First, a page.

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The competition presents an exhibition of the finalist architects from all over the world. The twelve-member jury, which selected the finalists of this first round from over 200 projects from 43 countries, included Sergey Lissitzky, Mikhail Chemiakin, Yuri Avvakumov, Vyacheslav Mizin, Anna Tereshkova, Charles Esche, Irina Korobina, Alexander Lissov, Amir G. Kabiri, Nicolas V. Iljine and John Milner. El Lissitzky was a Russian-born artist, designer, typographer, photographer and architect who designed many exhibitions and propaganda for the Soviet Union in the early 20th century. His elaboration of the ideas of the Suprematist art movement was very influential in the development of the Bauhaus and the Constructivist art movements. His stylistic characteristics and experimentation with production techniques developed in the 1920s and 1930s have been an influence on graphic designers since.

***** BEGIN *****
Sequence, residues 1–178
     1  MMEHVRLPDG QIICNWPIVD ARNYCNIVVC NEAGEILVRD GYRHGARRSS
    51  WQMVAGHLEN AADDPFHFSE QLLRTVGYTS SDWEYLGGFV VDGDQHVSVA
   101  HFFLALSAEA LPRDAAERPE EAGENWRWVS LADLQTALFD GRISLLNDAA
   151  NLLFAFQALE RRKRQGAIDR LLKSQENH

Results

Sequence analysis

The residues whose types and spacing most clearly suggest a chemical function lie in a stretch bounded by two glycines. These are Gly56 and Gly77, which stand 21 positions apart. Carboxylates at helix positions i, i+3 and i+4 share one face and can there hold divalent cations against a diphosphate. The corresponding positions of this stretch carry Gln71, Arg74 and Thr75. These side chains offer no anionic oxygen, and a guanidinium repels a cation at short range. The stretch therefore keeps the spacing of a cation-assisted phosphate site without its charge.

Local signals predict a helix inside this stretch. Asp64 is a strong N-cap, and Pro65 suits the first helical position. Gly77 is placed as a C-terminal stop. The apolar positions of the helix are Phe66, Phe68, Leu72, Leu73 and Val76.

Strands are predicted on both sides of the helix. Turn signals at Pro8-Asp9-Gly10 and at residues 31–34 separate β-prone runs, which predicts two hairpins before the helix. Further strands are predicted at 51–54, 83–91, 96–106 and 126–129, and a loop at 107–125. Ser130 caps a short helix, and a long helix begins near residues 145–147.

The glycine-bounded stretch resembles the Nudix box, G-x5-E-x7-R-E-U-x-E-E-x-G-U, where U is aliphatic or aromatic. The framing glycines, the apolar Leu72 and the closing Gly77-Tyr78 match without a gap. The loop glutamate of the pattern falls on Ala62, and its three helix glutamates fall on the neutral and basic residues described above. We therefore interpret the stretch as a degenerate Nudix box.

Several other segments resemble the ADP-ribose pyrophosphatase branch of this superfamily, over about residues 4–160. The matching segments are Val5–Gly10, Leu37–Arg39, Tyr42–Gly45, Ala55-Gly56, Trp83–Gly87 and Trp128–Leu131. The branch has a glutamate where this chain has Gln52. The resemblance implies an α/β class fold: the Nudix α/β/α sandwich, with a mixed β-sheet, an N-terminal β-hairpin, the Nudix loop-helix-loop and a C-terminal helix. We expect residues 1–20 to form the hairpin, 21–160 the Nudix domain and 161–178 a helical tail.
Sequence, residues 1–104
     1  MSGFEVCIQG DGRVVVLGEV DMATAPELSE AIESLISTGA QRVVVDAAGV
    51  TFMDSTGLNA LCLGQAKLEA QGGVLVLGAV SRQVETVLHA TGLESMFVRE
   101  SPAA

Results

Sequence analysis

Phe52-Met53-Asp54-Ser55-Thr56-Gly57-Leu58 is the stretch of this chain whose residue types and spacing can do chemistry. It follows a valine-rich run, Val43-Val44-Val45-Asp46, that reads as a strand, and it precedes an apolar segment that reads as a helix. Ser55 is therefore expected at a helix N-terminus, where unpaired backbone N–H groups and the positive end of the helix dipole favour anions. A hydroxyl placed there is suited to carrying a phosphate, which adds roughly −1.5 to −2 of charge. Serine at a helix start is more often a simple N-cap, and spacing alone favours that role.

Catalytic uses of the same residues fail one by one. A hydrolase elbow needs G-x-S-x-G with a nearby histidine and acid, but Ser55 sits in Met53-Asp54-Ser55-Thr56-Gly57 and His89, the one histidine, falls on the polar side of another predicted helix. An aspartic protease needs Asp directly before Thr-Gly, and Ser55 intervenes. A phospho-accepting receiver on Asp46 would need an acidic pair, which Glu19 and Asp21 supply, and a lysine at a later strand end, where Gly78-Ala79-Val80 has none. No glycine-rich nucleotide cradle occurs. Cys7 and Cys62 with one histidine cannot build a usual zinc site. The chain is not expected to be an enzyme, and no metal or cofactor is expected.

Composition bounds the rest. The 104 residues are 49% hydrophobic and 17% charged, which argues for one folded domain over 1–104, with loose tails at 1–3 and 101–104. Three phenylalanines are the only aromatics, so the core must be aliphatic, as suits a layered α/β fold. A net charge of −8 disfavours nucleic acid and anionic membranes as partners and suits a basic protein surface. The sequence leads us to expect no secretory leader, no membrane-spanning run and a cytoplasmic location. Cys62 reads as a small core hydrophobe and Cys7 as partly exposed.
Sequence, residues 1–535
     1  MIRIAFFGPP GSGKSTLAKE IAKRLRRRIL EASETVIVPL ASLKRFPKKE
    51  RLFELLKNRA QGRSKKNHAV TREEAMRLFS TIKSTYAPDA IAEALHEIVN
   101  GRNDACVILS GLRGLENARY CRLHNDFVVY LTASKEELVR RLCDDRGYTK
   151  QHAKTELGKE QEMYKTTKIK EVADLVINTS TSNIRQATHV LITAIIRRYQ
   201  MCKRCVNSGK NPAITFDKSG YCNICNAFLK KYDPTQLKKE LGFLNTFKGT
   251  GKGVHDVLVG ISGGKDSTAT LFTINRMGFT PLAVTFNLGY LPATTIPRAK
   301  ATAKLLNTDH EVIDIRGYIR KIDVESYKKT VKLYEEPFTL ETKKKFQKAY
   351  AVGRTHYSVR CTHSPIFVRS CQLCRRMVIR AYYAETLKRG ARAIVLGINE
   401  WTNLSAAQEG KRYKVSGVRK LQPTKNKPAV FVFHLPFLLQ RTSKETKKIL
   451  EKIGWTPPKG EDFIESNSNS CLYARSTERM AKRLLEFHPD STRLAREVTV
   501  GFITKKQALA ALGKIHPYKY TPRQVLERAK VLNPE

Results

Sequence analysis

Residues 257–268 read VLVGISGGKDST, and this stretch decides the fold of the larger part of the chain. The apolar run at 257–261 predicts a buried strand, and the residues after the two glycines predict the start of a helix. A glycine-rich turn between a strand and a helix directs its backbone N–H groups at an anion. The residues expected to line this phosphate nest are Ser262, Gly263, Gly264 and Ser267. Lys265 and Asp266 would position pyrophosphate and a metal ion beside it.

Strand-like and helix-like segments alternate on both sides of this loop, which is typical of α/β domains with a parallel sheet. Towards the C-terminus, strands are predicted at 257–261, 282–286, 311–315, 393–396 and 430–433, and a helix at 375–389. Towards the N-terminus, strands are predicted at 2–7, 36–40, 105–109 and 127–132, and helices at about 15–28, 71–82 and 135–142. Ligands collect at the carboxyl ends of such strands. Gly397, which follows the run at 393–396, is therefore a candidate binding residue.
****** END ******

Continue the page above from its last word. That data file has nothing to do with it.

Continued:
In his early years he developed a style of painting in which he used abstract geometric shapes, which he referred to as “prouns,” to define the spatial relationships of his compositions. The shapes were developed in a 3-dimensional space, that often contained varying perspectives, which was a direct contrast to the ideas of Suprematist theories which stressed the simplification of shapes and the use of 2D space only. He moved around in the 1920s and spent time in both Germany as a cultural representative of Russia and, after he was diagnosed with pulmonary tuberculosis, Switzerland in a Swiss sanatorium. But this never stopped him from working as he continued to produce propaganda posters, books, buildings and exhibitions for the Soviet Union. In 1932 when Stalin demanded that artists conform to much stricter guidelines or be blacklisted, Lissitzky managed to retain his position as Head of Exhibitions. In 1941 his tuberculosis overcame him and led to his death.

Posthumous Bronzes Colloquium
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